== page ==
Ph.D. in History
Molly Nebiolo is a doctoral candidate in the world history program with a B.A. in history and biology from Butler University. She is interested in how early colonial perceptions of the body influenced the construction of urban landscapes and how urban space shaped the understanding of health in return. Most of her work centers around the Anglo- and French- Atlantic world during the seventeenth and early eighteenth centuries. Some of the questions that drive from her work are who had a right to be healthy in colonial urban places and what constitutes “urban” in a period before cities were constructed? She also considers herself a digital historian and has completed the graduate certificate in digital humanities offered at Northeastern. She is now most interested in how digital skills are incorporated into classroom teaching and how to visualize and represent early colonial spaces using digital tools. Molly’s experiential learning experience at Northeastern University has enabled her to connect her research with direct experience in academic and non-academic positions.
Related Schools & Departments
Before coming to Northeastern, Molly started her educational journey at Butler University, receiving her B.A. in history and biology.
The course Colonialism in World History by Robert Cross simplified the research process in a unique way for Molly, encouraging and aiding her in starting her own research.
Molly participated in the research project - The Birth of Boston with Dr. Chris Parsons which consisted of the digital mapping of Boston in 1648 and adding layers of data.
Molly conducted a write-up for the 2018 Digital Humanities conference she attended in Mexico CIty.
Molly participated in the Women Writers Project which included text encoding, conducting research, and confirming references.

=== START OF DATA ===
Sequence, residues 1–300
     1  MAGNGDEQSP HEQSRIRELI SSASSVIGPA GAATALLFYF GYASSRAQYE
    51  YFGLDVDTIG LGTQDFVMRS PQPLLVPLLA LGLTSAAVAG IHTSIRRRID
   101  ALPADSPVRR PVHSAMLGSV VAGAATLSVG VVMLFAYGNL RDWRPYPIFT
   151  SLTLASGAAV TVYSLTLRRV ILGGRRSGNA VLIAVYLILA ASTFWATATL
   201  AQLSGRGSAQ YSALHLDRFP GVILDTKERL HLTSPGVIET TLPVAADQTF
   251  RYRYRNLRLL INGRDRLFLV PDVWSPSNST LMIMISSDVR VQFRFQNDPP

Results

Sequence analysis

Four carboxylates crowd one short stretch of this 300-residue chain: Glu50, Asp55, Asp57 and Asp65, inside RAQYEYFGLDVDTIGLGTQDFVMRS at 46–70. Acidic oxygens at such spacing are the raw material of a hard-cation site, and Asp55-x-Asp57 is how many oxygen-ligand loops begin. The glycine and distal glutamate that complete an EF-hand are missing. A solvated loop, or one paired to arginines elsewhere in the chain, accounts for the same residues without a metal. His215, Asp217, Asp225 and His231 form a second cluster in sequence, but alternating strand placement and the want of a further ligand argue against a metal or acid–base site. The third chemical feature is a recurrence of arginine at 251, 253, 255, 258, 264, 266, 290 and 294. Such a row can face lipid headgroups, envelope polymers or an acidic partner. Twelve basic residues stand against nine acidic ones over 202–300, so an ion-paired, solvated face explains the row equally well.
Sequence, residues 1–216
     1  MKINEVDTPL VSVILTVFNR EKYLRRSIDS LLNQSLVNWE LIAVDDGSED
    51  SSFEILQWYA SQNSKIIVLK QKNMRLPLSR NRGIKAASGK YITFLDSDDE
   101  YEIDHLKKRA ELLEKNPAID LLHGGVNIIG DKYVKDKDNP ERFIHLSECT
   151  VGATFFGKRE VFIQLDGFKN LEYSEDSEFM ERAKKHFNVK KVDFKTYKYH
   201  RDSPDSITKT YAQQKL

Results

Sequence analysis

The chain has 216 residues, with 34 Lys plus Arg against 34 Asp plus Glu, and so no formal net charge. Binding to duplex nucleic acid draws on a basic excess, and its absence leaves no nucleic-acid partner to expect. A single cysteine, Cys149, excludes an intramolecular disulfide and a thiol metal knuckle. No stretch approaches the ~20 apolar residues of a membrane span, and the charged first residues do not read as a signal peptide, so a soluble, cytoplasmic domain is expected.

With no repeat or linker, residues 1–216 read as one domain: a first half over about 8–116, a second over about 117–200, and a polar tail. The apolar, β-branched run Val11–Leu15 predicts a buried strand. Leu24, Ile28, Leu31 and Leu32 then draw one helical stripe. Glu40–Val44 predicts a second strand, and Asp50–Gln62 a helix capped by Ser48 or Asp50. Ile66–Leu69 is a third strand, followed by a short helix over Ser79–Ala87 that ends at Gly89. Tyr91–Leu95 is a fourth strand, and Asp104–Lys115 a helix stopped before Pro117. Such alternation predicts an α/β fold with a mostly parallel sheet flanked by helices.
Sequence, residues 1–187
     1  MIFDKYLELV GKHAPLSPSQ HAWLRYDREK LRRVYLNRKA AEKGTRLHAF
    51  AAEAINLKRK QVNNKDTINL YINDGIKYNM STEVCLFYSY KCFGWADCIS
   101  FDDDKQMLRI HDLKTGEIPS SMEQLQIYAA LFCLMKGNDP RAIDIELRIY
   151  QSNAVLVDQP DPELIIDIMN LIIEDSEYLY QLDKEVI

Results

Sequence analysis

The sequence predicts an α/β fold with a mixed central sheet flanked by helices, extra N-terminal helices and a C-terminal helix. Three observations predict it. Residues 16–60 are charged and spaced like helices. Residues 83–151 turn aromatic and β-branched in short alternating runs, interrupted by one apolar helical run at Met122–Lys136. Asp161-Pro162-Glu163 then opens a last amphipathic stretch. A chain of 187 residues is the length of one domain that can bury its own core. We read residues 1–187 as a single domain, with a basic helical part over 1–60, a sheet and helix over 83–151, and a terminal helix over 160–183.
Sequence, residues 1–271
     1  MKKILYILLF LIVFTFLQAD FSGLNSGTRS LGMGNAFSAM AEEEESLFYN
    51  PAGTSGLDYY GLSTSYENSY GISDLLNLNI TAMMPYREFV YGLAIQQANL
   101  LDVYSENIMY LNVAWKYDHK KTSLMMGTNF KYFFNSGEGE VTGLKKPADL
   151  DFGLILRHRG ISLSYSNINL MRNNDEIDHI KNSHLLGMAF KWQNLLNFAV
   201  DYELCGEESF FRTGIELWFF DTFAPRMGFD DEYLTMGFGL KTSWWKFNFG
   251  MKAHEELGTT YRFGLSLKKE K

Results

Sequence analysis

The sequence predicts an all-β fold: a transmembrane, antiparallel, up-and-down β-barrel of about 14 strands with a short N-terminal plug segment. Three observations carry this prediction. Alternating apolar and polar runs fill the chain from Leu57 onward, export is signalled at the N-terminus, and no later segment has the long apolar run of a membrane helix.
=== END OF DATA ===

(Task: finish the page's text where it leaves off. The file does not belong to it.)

Her research has included engagement with the community through her digital exhibit that visualized colonial Philadelphia.
Molly hopes to complete her dissertation in the next few years and land a tenure track position.
“The experiences I’ve had outside of my PhD program — and at international conferences — have influenced the way I look at the field of history and the type of work I can pursue with my degree. The faculty at Northeastern have assisted me to seek out these opportunities, and they have helped me to grow as an academic.”
Research Interests: North American and Atlantic world history; colonialism in world history; history of science; history of public health; spatial history; digital history
More Student Paths
- Motivated by the struggles of her upbringing, Urbashee pursued economics as her field of study as an undergraduate at Boston University.
- Before coming to Northeastern, Urbashee worked at a public policy think tank in Washington, D.C., and obtained a master’s degree in economics at the George Washington University.
- With the guidance of Prof. Alicia Modestino, Urbashee is analyzing the impact of private and public summer jobs programs on students’ academic and future employment outcomes.
- Specifically, Urbashee is investigating whether students placed in private, as opposed to public, sector summer jobs are likely to have better employment outcomes.
- Urbashee was recently awarded a grant from the William T. Grant Foundation, enabling her to participate in research training and purchase datasets for her dissertation.
- Urbashee's goal is to become an economist who studies and finds viable solutions to the deepening issues of poverty and inequality plaguing the youth in America.
- In July, Urbashee's first co-authored economics working paper "Politicians Avoid Tax Increases Around Elections", was posted on SSRN...
- Explored fields and methods of study he had not previously encountered through classroom experiences, engagement with faculty mentors, and research across the university.
- Had an “a-ha!” moment for his dissertation topic after writing about graffiti writing and neoliberal space for Prof. Gallagher’s Globalization & the Geopolitics of Writing class.
- Supported students and engaged in professional development as a Writing Center consultant and First-Year Writing instructor.
- Served as a graduate fellow for the Center of Advancing Teaching and Learning Through Research (CATLR), where he conducted a university-wide assessment of the co-op program.
- With the help of Prof. Neal Lerner, Charles conducted assessment studies across the entire Writing Program while serving as the program’s Assistant Director.
- Developed the term “GeoEthnography” for his dissertation to look at the way Boston graffiti writers make, and remake, social and public space through their rhetorical work.
- Conferenced with Prof. Poe and Prof. Gallagher to develop a seminar paper into an article for publication in a flagship journal of Rhetoric and Composition...